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Sascha C.

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About Sascha C.

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  1. Sascha C.

    Episode 130 — Sex Work

    I think "Porn Studies" is absolutely a legitimate area of scholarly inquiry. In terms of the photos I would just hope that the performers/subjects consented to the use of their likeness/images in that way. And, I think it is also important to listen to sex workers/porn actors speak on their own lives and experiences, rather than to learn about them exclusively through the lens of academic observers.
  2. Sascha C.

    Episode 130 — Sex Work

    Hey guys! Sascha here, joining the convo. I had so much fun on this episode.
  3. Sascha C.

    Episode 68 — Feminism

    Hi onlyrocketeer - I don't think David meant biological "inferiority" as much as "difference." (At least I hope not!) And I think it's pretty hard to argue that men and women are physically the same in terms of stature, musculature, hormones, etc - the questions are whether these differences should be used to limit women's opportunities in the world, how pronounced and meaningful they are, and if they mean that one sex is somehow "better" than the other one. I may be shorter and less physically strong than a man but that does not mark me as "inferior." And there are also plenty of women who are in fact taller and stronger than many men, so human variation is something to take into account as well. I agree that most behavioral gender distinctions can be attributed to socialization and culture, but I cannot reasonably say that the biological, physical differences between male and female bodies are also results of that. How could this be proven anyway? I'm not aware of feminists who would argue such a thing, but if they exist we would probably disagree!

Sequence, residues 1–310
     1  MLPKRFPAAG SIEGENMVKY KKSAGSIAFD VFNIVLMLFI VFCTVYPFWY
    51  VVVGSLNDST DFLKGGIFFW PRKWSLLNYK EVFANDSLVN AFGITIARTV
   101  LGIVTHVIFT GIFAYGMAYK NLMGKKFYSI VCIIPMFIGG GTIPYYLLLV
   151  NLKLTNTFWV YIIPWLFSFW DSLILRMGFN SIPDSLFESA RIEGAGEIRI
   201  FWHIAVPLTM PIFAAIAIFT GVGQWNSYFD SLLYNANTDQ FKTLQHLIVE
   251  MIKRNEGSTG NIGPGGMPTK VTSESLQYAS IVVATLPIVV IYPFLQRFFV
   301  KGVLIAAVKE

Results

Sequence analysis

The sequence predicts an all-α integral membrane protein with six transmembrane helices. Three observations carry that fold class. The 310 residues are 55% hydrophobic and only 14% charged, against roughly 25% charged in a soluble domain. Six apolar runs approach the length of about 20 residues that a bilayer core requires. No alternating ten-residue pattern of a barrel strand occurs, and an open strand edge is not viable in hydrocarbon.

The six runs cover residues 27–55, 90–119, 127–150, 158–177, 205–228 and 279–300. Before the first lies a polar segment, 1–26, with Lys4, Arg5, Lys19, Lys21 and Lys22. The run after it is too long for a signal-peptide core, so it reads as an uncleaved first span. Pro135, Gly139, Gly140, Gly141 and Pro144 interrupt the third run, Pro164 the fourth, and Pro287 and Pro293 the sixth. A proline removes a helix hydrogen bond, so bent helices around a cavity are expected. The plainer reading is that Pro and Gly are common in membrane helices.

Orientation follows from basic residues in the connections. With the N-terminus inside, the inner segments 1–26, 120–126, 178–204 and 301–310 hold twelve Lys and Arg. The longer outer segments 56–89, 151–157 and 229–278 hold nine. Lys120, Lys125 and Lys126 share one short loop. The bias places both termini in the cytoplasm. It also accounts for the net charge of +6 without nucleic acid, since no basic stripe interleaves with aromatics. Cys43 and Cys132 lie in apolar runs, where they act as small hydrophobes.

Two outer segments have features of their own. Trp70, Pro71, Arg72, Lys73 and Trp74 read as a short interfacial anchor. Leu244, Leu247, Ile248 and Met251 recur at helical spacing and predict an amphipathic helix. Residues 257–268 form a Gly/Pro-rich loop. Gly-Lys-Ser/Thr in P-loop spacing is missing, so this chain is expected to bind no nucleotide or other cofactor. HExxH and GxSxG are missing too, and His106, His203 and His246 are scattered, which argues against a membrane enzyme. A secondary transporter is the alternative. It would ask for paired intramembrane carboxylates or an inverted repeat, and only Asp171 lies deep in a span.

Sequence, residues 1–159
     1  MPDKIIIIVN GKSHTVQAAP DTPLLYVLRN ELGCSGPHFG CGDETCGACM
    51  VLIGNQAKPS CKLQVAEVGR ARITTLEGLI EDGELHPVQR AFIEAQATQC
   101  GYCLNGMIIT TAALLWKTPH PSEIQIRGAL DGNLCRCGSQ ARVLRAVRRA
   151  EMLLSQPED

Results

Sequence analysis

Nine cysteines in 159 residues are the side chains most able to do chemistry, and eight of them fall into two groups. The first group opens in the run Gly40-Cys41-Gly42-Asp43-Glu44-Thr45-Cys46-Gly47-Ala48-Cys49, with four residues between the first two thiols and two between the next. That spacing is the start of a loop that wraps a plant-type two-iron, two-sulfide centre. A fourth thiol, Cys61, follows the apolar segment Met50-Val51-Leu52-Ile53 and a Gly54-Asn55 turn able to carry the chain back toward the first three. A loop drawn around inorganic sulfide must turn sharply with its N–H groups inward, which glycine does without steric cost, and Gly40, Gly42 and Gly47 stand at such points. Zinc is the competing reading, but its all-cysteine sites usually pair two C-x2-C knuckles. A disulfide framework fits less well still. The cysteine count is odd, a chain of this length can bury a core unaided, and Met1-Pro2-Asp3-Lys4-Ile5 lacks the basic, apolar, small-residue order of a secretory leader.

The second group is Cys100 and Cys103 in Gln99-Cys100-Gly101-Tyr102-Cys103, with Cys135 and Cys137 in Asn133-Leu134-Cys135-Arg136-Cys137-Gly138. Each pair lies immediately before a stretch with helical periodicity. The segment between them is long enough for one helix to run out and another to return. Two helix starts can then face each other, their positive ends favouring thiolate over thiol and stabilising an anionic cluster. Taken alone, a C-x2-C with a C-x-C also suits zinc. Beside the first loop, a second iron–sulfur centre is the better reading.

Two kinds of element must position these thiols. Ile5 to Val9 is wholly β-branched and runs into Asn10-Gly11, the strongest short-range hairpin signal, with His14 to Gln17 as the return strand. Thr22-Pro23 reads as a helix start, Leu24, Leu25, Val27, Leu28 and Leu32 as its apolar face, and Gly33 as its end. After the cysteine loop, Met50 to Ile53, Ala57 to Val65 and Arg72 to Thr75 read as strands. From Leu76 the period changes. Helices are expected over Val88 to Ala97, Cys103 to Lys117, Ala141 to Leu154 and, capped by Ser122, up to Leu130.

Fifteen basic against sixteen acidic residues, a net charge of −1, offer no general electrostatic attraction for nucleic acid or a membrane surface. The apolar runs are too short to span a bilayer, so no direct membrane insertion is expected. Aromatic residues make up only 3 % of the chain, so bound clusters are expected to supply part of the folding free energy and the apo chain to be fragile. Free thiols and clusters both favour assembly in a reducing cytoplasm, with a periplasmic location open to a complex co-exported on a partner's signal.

4. Sascha C.

    Episode 68 — Feminism

    Hey, it's Sascha Cohen...I thought I'd join in on the comments here! Brendan H - It is true that some teachers and nurses can make solidly middle-class salaries, depending on the cost of living in their region as well as other factors (such as whether one is teaching kindergarden, high school, or college, if one works for a public or private institution, etc). It may have been more accurate to describe these jobs as "relatively" rather than "very" low-paying. Also note that teachers are typically not paid for the non-classroom hours they spend grading papers and planning lessons, time-consuming tasks that are required for the job. The other issue that I didn't go into on the podcast is that the professions I mentioned are considered low-status jobs and are undervalued in our culture (see, for instance, the prestige and respect that doctors are given compared to nurses, the demonizing of teacher's unions, the assumption that effectively taking care of children is so easy that teenage babysitters can do it, etc). Interestingly, this relates to something else you mentioned: the "intangible benefits of staying home to care for your children." One of the reasons female-dominated professions are not compensated as well as male-dominated ones has to do with the idea that things like child-care are inherently rewarding for women and thus do not need to be as financially rewarding. You do not find similar justifications for jobs that mostly men perform.